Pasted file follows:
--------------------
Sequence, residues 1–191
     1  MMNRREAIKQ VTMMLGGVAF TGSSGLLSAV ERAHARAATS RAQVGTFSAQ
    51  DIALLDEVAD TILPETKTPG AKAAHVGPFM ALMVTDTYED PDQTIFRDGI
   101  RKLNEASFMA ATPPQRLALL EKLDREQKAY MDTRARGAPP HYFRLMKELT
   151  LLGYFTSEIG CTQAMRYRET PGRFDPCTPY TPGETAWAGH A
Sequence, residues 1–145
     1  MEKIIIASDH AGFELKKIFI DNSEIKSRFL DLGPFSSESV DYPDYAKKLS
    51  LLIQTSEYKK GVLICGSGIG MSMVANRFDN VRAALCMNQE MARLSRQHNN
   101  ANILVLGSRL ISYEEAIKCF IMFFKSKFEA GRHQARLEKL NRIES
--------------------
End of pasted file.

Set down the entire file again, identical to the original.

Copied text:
Sequence, residues 1–191
     1  MMNRREAIKQ VTMMLGGVAF TGSSGLLSAV ERAHARAATS RAQVGTFSAQ
    51  DIALLDEVAD TILPETKTPG AKAAHVGPFM ALMVTDTYED PDQTIFRDGI
   101  RKLNEASFMA ATPPQRLALL EKLDREQKAY MDTRARGAPP HYFRLMKELT
   151  LLGYFTSEIG CTQAMRYRET PGRFDPCTPY TPGETAWAGH A
Sequence, residues 1–145
     1  MEKIIIASDH AGFELKKIFI DNSEIKSRFL DLGPFSSESV DYPDYAKKLS
    51  LLIQTSEYKK GVLICGSGIG MSMVANRFDN VRAALCMNQE MARLSRQHNN
   101  ANILVLGSRL ISYEEAIKCF IMFFKSKFEA GRHQARLEKL NRIES